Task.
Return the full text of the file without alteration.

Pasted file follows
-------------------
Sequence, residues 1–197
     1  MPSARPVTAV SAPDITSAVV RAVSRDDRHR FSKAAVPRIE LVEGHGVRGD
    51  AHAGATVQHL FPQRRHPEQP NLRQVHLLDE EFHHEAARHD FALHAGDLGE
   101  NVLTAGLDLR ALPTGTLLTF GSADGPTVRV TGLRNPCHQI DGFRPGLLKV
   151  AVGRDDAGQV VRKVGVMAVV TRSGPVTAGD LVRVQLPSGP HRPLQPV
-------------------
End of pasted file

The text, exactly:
Sequence, residues 1–197
     1  MPSARPVTAV SAPDITSAVV RAVSRDDRHR FSKAAVPRIE LVEGHGVRGD
    51  AHAGATVQHL FPQRRHPEQP NLRQVHLLDE EFHHEAARHD FALHAGDLGE
   101  NVLTAGLDLR ALPTGTLLTF GSADGPTVRV TGLRNPCHQI DGFRPGLLKV
   151  AVGRDDAGQV VRKVGVMAVV TRSGPVTAGD LVRVQLPSGP HRPLQPV